Lausanne, Switzerland – February 11th, 2016. Why do some people live longer, healthier lives than others? Is longevity in our genes? These are some of the questions addressed in a series of papers co-authored by researchers from the Nestlé Institute of Health Sciences and the University of Bologna.
Most research into ageing looks at the factors which cause us to age faster. The current series of papers instead focus on those that allow some of us to live in relatively good physical and mental health for 20 or 30 years longer than the average.
The most recent of these papers builds on research first carried out by NIHS and the University of Bologna in 2013 to discover new metabolic clues to living longer and healthier lives. Published in AGING, a scientific journal with the highest impact factor in the field, this latest research looks at the “epigenetic clock” (an epigenetic biomarker of ageing) of 82 Italian “semi-supercentenarians” (aged 105+), along with 63 of their offspring (average age: 71.8 years) and 47 age-matched controls (average age: 69.8 years). The researchers analysed and compared the DNA methylation levels of the peripheral blood mononuclear cells (PBMC) of the above-mentioned groups in an attempt to identify an epigenetic signature of healthy ageing and test whether families where exceptional longevity is present do have a peculiar epigenetic signature.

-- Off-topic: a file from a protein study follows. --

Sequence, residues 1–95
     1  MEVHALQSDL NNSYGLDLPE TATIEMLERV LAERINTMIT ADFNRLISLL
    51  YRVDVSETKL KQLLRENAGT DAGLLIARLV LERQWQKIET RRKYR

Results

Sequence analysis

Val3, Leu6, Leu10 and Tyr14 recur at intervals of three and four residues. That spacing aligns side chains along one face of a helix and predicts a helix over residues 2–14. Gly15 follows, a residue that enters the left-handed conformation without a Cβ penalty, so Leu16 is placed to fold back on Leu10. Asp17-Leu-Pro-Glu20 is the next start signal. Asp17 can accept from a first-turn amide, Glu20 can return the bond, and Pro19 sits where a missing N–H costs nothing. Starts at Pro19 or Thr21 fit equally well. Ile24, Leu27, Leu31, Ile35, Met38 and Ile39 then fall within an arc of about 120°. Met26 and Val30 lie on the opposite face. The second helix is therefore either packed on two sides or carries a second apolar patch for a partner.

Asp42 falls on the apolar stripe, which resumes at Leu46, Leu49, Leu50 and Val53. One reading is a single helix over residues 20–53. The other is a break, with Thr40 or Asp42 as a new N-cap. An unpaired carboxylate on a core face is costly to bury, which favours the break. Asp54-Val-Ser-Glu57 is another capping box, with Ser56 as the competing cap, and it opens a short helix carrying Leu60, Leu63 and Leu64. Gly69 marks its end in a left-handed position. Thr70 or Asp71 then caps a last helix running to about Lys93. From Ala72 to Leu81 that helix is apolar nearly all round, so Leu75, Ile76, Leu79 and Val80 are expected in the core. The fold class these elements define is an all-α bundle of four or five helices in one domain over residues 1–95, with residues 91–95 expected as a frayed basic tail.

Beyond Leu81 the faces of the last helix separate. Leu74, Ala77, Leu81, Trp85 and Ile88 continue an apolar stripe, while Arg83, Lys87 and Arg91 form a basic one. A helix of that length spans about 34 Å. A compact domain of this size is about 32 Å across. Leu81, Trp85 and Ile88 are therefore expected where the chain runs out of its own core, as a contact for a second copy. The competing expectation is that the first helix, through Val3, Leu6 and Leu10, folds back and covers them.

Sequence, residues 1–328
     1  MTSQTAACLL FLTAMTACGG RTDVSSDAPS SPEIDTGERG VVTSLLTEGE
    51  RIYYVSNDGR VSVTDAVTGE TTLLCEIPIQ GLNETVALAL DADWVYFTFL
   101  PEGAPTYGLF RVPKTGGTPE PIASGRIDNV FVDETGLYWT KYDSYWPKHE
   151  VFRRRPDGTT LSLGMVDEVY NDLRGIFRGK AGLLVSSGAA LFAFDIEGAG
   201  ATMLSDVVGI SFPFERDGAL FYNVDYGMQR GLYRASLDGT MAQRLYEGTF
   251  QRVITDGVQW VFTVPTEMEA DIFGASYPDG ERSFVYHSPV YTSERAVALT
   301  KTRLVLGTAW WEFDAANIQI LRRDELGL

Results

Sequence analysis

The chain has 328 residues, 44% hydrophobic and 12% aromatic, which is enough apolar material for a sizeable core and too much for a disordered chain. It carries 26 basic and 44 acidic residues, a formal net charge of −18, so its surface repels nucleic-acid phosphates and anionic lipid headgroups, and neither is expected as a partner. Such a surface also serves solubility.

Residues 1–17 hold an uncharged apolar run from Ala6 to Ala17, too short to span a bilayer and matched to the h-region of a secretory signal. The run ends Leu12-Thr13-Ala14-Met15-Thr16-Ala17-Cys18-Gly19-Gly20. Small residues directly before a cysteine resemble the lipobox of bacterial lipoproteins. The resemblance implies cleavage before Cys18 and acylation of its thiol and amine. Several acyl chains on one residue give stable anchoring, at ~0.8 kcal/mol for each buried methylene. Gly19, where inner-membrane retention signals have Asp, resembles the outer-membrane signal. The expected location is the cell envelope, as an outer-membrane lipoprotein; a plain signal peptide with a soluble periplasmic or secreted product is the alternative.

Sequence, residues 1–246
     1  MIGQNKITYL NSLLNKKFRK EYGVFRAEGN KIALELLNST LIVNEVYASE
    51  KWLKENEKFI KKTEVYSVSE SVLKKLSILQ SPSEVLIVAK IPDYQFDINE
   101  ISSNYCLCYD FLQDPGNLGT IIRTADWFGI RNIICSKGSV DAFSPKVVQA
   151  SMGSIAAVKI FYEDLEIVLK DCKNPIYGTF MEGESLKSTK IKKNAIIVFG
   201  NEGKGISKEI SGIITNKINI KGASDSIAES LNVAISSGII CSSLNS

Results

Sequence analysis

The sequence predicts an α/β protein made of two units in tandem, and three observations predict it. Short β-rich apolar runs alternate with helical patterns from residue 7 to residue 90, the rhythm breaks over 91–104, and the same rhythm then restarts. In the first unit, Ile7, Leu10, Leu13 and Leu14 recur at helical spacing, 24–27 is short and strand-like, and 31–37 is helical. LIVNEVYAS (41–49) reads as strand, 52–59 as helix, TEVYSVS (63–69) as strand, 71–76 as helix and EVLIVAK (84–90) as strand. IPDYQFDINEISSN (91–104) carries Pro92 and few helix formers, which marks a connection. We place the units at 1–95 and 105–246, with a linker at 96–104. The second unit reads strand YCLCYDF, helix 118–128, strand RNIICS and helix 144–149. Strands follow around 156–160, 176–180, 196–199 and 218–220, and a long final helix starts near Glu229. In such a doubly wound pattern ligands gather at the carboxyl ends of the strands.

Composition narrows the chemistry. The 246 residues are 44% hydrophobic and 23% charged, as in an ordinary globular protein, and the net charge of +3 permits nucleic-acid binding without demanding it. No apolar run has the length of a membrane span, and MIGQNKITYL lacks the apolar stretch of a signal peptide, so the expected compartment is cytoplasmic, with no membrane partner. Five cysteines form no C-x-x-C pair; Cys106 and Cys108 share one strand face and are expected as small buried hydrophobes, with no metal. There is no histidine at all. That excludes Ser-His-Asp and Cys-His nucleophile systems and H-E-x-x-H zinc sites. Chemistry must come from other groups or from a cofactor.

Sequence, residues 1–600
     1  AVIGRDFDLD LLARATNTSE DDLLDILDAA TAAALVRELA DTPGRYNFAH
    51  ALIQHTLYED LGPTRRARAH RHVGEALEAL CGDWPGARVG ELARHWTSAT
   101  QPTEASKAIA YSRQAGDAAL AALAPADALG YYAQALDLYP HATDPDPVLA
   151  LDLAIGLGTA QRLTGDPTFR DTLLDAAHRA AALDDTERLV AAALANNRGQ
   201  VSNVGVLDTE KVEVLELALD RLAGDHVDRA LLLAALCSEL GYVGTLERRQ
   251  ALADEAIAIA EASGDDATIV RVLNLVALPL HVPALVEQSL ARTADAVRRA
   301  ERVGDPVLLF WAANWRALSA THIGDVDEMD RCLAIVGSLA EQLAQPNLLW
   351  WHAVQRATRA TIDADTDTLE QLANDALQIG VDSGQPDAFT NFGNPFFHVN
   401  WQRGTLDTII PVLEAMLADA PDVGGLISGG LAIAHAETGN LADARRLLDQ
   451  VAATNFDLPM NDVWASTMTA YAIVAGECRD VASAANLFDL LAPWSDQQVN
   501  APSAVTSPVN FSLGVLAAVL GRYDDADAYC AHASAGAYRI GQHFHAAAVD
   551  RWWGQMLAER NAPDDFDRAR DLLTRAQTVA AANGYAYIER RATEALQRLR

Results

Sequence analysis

Not only did the study discover that the 105+ group has a lower intrinsic epigenetic ageing rate in PBMCs and thus a slower rate of biological ageing than the general population, appearing to be younger by an average of 8.6 years than expected based on their chronological (i.e. actual) age; their offspring also have an epigenetic age 5.1 years younger than their age-matched control group.
“Identifying epigenetic signatures of longevity is an important first step in understanding exactly how these individuals manage to avoid or postpone the major age-related diseases”, explains Sebastiano Collino, who led the NIHS team. “Further research is now needed to fully investigate these processes and, it is hoped, to use these findings to extend the benefits of successful ageing to the general population.”